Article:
I think there's also a more explicit symmetry-based/~~computational~~ approach (compared to Michael Stoll's linear algebra approach). EDIT 12/13/14: "computational" was the wrong choice of word.

For the $n=1$ (univariate) case this is a problem from (Michael) Artin's *Algebra* previously discussed on MSE here. Given $f,g\in k[T]$, we want a polynomial $P\in k[X,Y]$ such that $P(a,b) = 0$ (here $a,b\in \overline{k}$ are any points in the (infinite) algebraic closure of $k$) if and only if there exists $t\in \overline{k}$ such that $f(t) - a = g(t) - b = 0$. This latter condition is, by the "product of differences of roots" definition of the resultant (which for fixed $a,b$ has $k[a,b]$-coefficients by the fundamental theorem of symmetric polynomials), equivalent to the (formal) vanishing of the resultant of $f(T) - X$ and $g(T) - Y$, which is a polynomial in $k[X,Y]$.

If I'm not mistaken, this should generalize via the multivariate resultant: see Wikipedia or this paper ("Explicit formulas for the multivariate resultant" by Carlos D'Andrea and Alicia Dickenstein).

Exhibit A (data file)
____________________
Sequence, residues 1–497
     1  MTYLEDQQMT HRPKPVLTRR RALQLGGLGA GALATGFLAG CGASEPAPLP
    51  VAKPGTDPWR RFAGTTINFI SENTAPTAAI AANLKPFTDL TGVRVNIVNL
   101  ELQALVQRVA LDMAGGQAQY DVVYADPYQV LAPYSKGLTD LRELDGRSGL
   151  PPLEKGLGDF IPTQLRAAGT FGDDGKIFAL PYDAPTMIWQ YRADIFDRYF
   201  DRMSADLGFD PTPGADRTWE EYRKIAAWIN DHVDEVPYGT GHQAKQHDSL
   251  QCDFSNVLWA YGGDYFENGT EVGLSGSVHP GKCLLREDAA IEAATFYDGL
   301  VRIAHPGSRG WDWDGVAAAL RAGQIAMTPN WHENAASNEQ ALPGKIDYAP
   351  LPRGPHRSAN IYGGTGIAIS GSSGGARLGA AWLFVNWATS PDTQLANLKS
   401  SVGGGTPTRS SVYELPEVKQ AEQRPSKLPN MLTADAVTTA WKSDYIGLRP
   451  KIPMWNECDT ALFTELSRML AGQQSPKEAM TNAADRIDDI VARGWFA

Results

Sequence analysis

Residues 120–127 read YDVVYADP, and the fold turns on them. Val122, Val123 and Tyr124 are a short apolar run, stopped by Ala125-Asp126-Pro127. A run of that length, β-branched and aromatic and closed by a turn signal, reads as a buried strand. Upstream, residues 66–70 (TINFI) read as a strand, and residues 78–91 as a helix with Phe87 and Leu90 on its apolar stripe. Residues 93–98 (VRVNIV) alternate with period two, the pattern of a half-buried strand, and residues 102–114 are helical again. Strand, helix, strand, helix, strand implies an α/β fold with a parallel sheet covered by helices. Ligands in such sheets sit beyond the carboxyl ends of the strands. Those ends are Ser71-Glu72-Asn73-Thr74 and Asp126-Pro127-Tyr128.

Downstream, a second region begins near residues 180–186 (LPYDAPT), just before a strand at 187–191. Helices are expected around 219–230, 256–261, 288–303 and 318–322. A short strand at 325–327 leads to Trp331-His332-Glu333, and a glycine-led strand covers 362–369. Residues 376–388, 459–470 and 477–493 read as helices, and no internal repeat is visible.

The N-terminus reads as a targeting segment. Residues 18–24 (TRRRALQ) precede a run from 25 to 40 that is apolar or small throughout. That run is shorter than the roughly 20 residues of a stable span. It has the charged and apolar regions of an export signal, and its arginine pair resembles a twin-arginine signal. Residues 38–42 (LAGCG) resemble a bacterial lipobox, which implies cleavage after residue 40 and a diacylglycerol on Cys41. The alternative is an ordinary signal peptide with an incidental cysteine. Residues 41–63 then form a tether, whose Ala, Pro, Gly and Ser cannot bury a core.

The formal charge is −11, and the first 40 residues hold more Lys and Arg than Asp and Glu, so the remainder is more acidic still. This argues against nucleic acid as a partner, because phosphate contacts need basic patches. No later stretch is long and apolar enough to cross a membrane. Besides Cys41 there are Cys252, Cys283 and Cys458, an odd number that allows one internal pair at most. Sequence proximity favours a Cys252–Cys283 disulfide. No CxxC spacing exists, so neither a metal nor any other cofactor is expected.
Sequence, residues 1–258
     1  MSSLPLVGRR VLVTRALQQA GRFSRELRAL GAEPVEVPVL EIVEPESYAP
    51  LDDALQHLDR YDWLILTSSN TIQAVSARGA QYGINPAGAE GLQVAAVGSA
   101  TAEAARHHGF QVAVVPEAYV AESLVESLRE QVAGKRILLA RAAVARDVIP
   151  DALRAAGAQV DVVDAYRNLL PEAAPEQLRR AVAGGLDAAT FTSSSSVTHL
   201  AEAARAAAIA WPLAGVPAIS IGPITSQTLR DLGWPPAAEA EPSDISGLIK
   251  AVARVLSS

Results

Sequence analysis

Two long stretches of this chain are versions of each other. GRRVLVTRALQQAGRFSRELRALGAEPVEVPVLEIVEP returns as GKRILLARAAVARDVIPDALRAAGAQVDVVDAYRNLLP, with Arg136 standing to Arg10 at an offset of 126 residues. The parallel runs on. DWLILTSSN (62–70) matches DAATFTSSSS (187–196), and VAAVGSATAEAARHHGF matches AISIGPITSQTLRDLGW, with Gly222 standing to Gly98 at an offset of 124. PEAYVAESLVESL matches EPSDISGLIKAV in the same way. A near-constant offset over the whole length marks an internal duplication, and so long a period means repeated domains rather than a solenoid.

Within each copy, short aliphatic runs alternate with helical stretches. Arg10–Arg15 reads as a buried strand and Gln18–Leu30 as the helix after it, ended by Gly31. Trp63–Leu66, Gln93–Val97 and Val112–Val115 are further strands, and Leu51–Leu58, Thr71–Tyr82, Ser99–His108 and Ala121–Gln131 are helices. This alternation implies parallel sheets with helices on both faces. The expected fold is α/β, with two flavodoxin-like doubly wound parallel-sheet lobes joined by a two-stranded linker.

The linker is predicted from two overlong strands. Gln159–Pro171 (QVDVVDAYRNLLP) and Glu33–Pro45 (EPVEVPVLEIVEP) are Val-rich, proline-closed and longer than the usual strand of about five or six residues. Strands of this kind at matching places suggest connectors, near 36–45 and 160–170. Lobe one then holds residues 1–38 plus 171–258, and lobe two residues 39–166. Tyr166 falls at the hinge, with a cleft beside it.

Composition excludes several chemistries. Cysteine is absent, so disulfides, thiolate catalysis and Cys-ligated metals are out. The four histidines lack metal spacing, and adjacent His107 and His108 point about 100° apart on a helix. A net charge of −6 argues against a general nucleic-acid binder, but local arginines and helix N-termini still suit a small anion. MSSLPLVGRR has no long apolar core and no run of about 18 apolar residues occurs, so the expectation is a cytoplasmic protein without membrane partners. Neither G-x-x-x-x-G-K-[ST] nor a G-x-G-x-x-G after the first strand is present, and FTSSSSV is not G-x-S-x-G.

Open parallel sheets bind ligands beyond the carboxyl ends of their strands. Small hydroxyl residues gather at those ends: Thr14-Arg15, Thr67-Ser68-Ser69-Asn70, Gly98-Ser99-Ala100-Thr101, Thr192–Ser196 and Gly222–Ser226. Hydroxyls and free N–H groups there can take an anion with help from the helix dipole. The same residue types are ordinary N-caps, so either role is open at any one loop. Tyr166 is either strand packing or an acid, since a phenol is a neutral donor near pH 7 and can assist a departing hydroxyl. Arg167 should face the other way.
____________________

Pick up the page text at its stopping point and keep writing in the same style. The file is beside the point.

[BTW, I believe that at least in the univariate case, combining the above with another exercise in Artin shows that if $k = \overline{k}$ is algebraically closed and $f,g$ are not both constant, then (0) the ideal of working polynomials $P$ is principal, and if $m$ is a generator (unique up to scaling), then (1) $m$ is irreducible in $k[X,Y]$; (2) for $(a,b)\in k^2$, we have $m(a,b) = 0$ iff there exists $t\in k$ with $(x(t),y(t)) = (a,b)$; and (3) the resultant is (up to scaling) a power of $m$.

(0,1) can be proven by standard means (e.g. Bezout's identity in the PID $k(Y)[X]$; I'm told this is really a dimension theory argument)---one might only need that $k$ is infinite, not algebraically closed---and (2,3) by looking at the resultant ($k = \overline{k}$ is important here). I don't think Hilbert's nullstellensatz is necessary.]